South Koreans honored for rescue of American from burning car
April 24, 2005
SEOUL — Quick reaction by two South Korean riot police officers last month most likely saved the life of an American man, according to 8th Army officials.
Elliott L. Myrick — the husband of an 8th U.S. Army captain — was driving near Yongsan Garrison around 3 a.m. on March 13 when his car rammed into a tree and burst into flames, according to 8th Army officials and the two South Korean officers who saw the accident near Gate 37 behind the commissary.
Cpl. Kim Bo-hyun and Pfc. Kim Hoon, both 21, rushed over, pulled Myrick out through the passenger door and carried him away from the burning car, they said in interviews this week.
They used the little English they knew: “Hello, are you OK?” but got no response from Myrick. They took off their coats to cover the injured man and called for help.
On Thursday, U.S. Forces Korea officials visited the young officers’ police station in Yongsan to thank them.
“They put themselves at risk in order to remove the USFK family member” from harm, Area II Commander Col. Timothy McNulty told the two officers and their bosses through a translator. “Putting themselves at risk deserves a special award.”
McNulty presented the men with certificates of appreciation on behalf of himself and USFK Commander Gen. Leon J. LaPorte. LaPorte wrote a personal note to the men, saying that for Myrick, they “made a difference between life and death.”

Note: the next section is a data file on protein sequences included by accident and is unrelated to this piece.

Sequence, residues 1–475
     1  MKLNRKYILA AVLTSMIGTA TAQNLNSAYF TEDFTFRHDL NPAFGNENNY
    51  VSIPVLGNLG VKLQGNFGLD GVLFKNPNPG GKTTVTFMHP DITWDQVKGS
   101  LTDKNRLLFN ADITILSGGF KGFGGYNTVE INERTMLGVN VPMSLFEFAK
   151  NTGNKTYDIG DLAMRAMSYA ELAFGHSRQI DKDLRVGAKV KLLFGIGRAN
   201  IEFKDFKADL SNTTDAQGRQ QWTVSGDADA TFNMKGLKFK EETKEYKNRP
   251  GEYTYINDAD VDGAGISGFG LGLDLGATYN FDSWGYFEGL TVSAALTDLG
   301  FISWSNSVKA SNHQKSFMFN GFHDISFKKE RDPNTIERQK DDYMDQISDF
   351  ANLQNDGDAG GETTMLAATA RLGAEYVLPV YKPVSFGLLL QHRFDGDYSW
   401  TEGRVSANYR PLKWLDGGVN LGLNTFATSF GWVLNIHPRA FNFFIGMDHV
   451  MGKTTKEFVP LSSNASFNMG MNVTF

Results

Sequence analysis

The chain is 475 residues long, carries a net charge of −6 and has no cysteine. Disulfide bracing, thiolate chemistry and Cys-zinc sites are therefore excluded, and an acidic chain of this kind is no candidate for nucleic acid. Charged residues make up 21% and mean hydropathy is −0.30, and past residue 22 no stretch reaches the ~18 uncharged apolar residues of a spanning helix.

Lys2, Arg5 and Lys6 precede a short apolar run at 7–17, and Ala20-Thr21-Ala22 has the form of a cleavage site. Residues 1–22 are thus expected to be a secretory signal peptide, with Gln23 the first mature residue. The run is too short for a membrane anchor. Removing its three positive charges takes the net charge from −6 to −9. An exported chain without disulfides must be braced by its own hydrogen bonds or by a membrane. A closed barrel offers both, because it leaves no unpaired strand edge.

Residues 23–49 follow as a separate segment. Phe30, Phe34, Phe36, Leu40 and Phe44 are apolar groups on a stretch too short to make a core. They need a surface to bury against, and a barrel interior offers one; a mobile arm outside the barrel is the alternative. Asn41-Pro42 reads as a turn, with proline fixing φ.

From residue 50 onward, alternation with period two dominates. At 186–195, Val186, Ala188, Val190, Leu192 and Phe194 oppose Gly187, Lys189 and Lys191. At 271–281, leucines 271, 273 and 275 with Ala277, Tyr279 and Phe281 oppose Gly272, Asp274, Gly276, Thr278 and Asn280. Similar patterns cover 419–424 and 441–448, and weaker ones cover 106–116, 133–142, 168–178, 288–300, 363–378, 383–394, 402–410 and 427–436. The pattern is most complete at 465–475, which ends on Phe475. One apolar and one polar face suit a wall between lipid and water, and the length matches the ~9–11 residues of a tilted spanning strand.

Myrick suffered a broken leg and shoulder and was treated at the 121st General Hospital on Yongsan, base officials said. He is now recovering at home, according to the 8th Army’s public affairs office.
Alcohol was involved in the incident, according to the South Korean police. Myrick has not been charged, but the South Korean police have requested an official interview with him, according to 8th Army spokesman Capt. Kone Faulkner. Myrick’s driving privileges have been suspended by USFK, Faulkner said.
The night of the accident, Kim Hoon said, he sighed with relief when an ambulance arrived to help Myrick.
“When we were left alone again, we talked to each other how good and proud we really felt to save somebody,” Hoon said Thursday.
Both men, however, said they felt they were doing their job.
“I now also feel closer to U.S. soldiers serving in Korea,” Kim Bo-hyun said through a translator.
“We were in the right place at the right time to help,” said Kim Bo-hyun. “I feel great today.”